ASCL Specialist Margaret Mulholland
shares her thoughts on how leaders can strengthen inclusivity and improve outcomes for pupils with special educational needs.
When working with teachers and leaders I often ask them how they define inclusion. They find it illuminating to think of a word or a concept to use instead of inclusivity when articulating outcomes for young people with SEND.
What’s your definition?
In a nutshell, leaders and teachers have a wide range of views and understanding of inclusivity. At one recent workshop, a headteacher and SENCO had their ‘aha’ moment when they realised they had completely different interpretations of what inclusion actually meant for them.
The headteacher’s thinking was driven more by whether he should include a child with special needs in this classroom or not. By welcoming a child with a disability into the school, he believed that was inclusion in action. The SENCO’s interpretation went far beyond that, defining inclusion as not just access to the classroom but more importantly effective access to the curriculum. Both believed a sense of belonging mattered and had built a collective ethos around this.
Their differing interpretations of daily practice, however, reflect the need to re-visit the concept of inclusivity regularly.
It’s a lesson for all of us. As the old adage of a ‘common language that divides us’ goes, we should take the time and opportunity to clarify shared expectations and understanding of the goals of young people who have learning difficulties. These need to be understood not just by the SENCO, but by everyone. We should reflect on this across the board. Does your school’s vision for inclusivity reflect such shared understanding across the whole school community, from parents to canteen staff to teachers and leaders?
Evidence from both the latest Education Policy Institute (EPI) report (https://tinyurl.com/qsbdlul) and the National Audit Office (NAO) update on SEND (https://tinyurl.com/y2q3onvo) is compelling as to why this is ever more vital. Both highlight the intractable challenges of funding and postcode inconsistencies that impact aggressively on current provision. The EPI report stresses that 44% of pupils are, at some point in their school lives, identified with a special educational need. How can any school see SEND planning as something peripheral to school improvement planning? One answer is that schools, when considering their most vulnerable pupils, should recognise SEN improvement planning as core rather than secondary. In other words, it should be ‘built in, not bolted on’.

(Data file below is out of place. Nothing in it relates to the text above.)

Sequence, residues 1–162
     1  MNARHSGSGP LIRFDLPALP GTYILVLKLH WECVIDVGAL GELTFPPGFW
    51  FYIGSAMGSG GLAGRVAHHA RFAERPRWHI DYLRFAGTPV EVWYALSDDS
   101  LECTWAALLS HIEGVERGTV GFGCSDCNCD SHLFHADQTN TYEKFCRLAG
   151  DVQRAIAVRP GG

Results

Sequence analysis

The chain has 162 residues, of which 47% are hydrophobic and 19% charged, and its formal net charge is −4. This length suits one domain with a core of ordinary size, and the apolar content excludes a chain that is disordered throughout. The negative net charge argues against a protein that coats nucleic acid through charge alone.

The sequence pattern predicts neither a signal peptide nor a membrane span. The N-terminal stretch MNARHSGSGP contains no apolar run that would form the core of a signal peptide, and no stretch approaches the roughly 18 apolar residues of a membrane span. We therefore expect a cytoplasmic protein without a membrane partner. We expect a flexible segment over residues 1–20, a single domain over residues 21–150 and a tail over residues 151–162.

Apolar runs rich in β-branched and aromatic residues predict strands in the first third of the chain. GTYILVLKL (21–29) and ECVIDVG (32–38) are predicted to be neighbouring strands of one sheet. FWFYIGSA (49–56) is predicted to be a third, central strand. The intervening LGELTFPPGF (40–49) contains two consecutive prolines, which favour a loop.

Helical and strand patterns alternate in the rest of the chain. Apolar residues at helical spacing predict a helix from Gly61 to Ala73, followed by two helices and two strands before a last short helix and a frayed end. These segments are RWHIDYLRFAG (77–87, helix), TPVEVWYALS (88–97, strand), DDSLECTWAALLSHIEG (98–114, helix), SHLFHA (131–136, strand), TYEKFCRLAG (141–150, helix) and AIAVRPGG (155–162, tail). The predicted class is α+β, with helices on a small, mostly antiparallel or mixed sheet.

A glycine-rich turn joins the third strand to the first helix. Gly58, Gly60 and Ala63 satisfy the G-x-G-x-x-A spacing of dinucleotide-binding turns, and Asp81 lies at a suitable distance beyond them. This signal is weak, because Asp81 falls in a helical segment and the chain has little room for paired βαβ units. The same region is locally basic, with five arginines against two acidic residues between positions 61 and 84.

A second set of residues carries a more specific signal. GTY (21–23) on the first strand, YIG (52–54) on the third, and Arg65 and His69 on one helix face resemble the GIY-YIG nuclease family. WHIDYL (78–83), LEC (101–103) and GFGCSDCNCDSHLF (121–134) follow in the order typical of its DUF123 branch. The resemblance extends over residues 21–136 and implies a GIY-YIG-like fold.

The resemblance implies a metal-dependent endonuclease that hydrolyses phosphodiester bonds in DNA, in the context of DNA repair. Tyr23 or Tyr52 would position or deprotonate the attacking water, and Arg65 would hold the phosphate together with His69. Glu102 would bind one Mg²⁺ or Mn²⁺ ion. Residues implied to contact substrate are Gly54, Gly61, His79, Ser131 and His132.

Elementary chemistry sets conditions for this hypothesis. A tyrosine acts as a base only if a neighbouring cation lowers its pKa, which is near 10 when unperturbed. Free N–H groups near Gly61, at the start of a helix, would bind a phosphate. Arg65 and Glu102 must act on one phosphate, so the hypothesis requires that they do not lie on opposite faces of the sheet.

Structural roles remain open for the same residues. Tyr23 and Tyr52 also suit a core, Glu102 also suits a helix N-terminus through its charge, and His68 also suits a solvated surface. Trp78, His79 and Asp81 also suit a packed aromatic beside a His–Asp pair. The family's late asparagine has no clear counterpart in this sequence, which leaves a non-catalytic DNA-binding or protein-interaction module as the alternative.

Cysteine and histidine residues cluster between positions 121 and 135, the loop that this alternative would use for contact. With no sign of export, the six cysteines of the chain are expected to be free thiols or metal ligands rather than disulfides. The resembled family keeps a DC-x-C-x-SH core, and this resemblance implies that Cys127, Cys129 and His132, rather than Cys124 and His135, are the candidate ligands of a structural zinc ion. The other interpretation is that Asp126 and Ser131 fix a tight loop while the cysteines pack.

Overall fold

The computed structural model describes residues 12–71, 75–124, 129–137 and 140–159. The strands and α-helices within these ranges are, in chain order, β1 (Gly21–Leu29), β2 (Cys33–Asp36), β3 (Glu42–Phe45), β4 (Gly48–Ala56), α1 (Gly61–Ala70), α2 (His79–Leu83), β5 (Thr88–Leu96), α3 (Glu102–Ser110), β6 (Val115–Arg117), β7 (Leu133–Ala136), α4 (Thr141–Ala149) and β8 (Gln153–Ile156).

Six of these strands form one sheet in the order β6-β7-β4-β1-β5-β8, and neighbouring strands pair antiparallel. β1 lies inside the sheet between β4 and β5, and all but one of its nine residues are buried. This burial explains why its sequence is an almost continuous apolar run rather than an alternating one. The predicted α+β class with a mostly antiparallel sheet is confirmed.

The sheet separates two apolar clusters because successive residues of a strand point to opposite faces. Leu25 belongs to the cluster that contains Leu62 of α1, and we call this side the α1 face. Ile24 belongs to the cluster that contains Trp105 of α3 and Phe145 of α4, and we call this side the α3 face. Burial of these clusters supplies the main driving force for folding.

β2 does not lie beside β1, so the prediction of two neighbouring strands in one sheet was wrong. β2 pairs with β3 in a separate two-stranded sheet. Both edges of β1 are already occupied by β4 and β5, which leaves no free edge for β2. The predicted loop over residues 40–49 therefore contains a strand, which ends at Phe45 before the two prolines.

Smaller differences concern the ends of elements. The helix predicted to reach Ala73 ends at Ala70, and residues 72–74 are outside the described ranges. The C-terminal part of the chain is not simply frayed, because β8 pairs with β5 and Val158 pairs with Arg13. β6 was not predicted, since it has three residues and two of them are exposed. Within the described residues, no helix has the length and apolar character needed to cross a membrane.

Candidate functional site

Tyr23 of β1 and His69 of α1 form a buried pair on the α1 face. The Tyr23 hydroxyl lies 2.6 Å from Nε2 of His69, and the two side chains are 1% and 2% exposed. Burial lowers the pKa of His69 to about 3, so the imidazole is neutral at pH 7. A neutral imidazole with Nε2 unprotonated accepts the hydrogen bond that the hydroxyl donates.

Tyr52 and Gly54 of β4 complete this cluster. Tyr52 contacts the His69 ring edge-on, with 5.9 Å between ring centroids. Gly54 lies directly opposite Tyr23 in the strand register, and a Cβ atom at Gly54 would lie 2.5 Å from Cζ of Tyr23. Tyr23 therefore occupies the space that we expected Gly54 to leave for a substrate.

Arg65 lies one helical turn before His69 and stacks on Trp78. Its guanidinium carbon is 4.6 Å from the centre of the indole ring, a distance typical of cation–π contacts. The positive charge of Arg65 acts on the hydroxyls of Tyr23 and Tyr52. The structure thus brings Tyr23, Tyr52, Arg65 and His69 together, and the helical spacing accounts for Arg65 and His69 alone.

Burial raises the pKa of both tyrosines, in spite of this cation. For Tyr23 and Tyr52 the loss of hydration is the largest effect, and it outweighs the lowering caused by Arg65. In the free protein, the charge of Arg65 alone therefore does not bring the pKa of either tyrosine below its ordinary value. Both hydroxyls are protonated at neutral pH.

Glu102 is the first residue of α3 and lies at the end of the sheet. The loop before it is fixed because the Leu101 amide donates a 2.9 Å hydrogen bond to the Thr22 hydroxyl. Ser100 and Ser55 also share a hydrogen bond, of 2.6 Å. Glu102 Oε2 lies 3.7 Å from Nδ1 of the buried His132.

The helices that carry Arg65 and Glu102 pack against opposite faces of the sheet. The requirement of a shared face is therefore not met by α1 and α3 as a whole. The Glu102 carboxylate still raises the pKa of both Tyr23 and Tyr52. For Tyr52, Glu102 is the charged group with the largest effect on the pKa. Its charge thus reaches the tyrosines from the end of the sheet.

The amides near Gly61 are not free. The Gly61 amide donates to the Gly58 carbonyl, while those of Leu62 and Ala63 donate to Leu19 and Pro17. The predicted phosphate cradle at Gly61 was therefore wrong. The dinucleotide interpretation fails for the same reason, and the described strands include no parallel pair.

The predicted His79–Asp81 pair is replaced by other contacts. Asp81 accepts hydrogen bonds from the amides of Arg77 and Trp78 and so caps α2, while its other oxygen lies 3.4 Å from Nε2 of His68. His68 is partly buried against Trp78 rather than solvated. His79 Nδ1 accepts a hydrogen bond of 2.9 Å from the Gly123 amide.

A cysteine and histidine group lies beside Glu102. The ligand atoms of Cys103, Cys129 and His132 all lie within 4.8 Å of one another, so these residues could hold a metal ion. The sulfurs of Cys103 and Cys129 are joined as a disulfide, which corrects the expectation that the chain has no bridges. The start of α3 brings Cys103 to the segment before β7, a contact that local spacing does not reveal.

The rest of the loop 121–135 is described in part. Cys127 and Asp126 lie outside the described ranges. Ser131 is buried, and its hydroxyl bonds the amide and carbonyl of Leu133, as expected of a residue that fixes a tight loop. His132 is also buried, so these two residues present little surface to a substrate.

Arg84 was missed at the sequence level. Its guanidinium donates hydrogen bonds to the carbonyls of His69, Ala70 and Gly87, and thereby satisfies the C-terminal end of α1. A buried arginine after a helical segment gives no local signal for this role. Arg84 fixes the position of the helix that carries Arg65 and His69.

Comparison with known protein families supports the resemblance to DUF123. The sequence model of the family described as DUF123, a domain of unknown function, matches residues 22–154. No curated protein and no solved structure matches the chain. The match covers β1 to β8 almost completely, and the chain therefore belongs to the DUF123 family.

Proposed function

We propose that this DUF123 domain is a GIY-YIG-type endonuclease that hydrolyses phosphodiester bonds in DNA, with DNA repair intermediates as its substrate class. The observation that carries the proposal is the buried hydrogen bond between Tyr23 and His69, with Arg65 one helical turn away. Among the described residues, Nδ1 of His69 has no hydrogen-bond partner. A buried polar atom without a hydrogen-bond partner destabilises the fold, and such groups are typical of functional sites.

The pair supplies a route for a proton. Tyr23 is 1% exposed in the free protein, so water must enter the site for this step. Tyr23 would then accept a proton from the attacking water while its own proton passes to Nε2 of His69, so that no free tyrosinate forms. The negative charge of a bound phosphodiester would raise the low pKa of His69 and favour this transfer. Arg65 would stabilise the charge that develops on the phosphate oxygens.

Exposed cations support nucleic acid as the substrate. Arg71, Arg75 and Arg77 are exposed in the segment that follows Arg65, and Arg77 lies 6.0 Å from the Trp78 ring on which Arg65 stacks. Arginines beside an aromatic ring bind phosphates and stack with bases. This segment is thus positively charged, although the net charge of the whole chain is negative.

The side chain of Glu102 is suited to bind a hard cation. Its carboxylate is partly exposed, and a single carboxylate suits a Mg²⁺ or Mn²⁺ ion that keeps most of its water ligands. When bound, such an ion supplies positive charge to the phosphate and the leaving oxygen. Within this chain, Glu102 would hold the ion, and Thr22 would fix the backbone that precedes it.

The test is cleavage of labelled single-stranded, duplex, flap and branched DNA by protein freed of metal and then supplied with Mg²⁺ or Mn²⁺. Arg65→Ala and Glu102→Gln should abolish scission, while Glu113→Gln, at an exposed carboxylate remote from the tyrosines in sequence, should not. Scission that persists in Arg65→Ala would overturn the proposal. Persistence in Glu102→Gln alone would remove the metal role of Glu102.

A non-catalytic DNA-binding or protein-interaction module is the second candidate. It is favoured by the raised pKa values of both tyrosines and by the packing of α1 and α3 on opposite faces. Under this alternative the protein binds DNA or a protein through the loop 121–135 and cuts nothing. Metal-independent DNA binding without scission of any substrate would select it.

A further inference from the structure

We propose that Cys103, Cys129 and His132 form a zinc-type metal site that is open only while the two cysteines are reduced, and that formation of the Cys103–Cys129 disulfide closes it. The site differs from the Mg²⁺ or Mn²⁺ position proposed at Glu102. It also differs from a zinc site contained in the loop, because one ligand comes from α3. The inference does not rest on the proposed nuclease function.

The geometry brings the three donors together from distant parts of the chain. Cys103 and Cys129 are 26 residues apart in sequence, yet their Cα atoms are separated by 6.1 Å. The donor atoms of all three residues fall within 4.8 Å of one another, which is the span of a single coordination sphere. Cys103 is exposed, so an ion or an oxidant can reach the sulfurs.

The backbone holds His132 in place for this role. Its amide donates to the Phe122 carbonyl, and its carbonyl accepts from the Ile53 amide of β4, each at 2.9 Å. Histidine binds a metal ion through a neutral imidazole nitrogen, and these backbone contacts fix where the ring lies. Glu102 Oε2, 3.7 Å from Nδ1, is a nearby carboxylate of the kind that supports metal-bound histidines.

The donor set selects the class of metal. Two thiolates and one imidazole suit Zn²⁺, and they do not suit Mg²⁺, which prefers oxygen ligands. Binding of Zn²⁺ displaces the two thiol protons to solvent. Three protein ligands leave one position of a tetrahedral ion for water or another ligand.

Call to arms
In response to the National Audit Office report, the Director of the Council for Disabled Children (CDC), Christine Lenehan, warned leaders not to be deafened or distracted by the noise around funding. She instead urged them to see the current crisis outlined in the report as a call to arms. We know that addressing inclusivity in dynamic but resource-short school environments is challenging. What support exists for school leaders to reframe and prioritise planning for pupils with SEND?
Some schools have found particular success using the SEND Review Framework, which the Education Endowment Foundation (EEF) has recently commissioned for a nationwide trial – see https://tinyurl.com/tm386oq. The framework looks at eight aspects of SEND provision including leadership. It helps schools with a structured self-evaluation process, reflecting on the quality of provision to achieve good outcomes for pupils with SEND.
It’s a process that so many schools have not yet had the opportunity to adopt. The EEF trial led by Whole School SEND will involve 160 mainstream secondary schools and will provide opportunities for school SENCOs and leaders to develop expertise and implement strategic SEND development planning. It is certainly timely.
ASCL SEND and Inclusion Specialist